Natural Genetic Variation Shapes Root System Responses to Phytohormones in Arabidopsis
Here we assess variation of root traits in response to perturbations of the auxin, cytokinin, and abscisic acid pathways in 192 Arabidopsis accessions. We identify common response patterns, uncover the extent of their modulation by specific genotypes, and find that the Col-0 reference accession is not a good representative of the species in this regard. bioRxiv

Two new species of Begonia sect. Erminea (Begoniaceae) from Nosy Mangabe in Madagascar
Begonia nosymangabensis Scherber. & Duruiss. and Begonia pteridoides Scherber. & Duruiss. are described and illustrated. Both new species belong to Begonia sect. Erminea A. DC. bioOne

Live tracking of moving samples in confocal microscopy for vertically grown roots
We present TipTracker – a custom software for automatic tracking of diverse moving objects usable on various microscope setups. Combined, this enables observation of root tips growing along the natural gravity vector over prolonged periods of time, as well as the ability to induce rapid gravity or light stimulation. eLife
(We also have a blog post of the preprint)

BIG BROTHER uncouples cell proliferation from elongation in the Arabidopsis primary root
Here we describe a novel bballele, which carries a P235L point mutation in the BB RING finger domain. This allele behaves similar to described bb loss-of-function alleles and displays increased root meristem size due to a higher number of dividing, meristematic cells. By contrast, mature cell length is unaffected. Plant & Cell Physiology

Common garden test of range limits as predicted by a species distribution model in the annual plant Mimulus bicolor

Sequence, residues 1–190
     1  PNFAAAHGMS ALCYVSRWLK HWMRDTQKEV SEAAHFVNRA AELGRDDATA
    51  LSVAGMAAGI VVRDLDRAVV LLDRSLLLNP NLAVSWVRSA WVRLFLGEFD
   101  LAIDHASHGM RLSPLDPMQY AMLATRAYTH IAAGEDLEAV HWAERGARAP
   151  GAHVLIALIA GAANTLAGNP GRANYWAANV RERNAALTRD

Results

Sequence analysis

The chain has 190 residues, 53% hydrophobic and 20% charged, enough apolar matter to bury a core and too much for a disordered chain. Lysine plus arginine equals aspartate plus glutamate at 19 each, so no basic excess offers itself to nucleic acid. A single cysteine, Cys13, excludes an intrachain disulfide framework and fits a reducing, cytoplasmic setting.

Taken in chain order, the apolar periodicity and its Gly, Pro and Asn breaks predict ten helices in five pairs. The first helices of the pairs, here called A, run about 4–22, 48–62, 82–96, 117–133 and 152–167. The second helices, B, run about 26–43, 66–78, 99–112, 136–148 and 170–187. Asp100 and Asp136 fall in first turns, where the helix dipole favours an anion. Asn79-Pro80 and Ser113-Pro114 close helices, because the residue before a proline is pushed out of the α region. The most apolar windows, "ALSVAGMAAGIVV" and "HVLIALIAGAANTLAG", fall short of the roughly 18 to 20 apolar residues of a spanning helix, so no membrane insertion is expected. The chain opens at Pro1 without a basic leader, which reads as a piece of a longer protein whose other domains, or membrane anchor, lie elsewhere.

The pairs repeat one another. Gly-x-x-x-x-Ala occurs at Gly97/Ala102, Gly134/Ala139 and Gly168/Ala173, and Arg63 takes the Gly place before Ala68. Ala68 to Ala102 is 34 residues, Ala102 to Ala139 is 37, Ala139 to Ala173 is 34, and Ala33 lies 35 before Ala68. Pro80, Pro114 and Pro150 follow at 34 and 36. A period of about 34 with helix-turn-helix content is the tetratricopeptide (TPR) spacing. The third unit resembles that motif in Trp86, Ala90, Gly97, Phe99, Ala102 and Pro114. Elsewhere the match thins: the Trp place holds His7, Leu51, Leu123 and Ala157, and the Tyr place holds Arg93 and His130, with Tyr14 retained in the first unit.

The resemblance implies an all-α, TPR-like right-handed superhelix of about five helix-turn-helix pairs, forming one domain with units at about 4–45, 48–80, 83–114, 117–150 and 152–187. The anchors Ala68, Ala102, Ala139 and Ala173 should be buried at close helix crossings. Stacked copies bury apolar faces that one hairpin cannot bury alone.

Direct tests of a species distribution model (SDM) were used to evaluate the hypothesis that the northern and southern edges of Mimulus bicolor’s geographical range are limited by temperature and precipitation. AmJBot

Priority effects are interactively regulated by top-down and bottom-up forces: evidence from wood decomposer communities
Both top-down (grazing) and bottom-up (resource availability) forces can determine the strength of priority effects, or the effects of species arrival history on the structure and function of ecological communities, but their combined influences remain unresolved. To test for such influences, we assembled experimental communities of wood-decomposing fungi using a factorial manipulation of fungivore (Folsomia candida) presence, nitrogen availability, and fungal assembly history. Ecology Letters

Origin and emergence of the sweet dessert watermelon, Citrullus lanatus
The familiar sweet dessert watermelons, C. lanatus, featuring non-bitter, tender, well-coloured flesh, have a narrow genetic base, suggesting that they originated from a series of selection events in a single ancestral population. The objective of the present investigation was to determine where dessert watermelons originated and the time frame during which sweet dessert watermelons emerged. Annals of Botany

That wraps up the email for this week. Thanks to all the people we follow on Twitter for helping to identify the key links to share this week. We should be back next week and most weeks, unless Alun is out on location somewhere. Bye for now.

Alun Salt

Alun (he/him) is the Producer for Botany One. It's his job to keep the server running. He's not a botanist, but started running into them on a regular basis while working on writing modules for an Interdisciplinary Science course and, later, helping teach mathematics to Biologists. His degrees are in archaeology and ancient history.

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The Week in Botany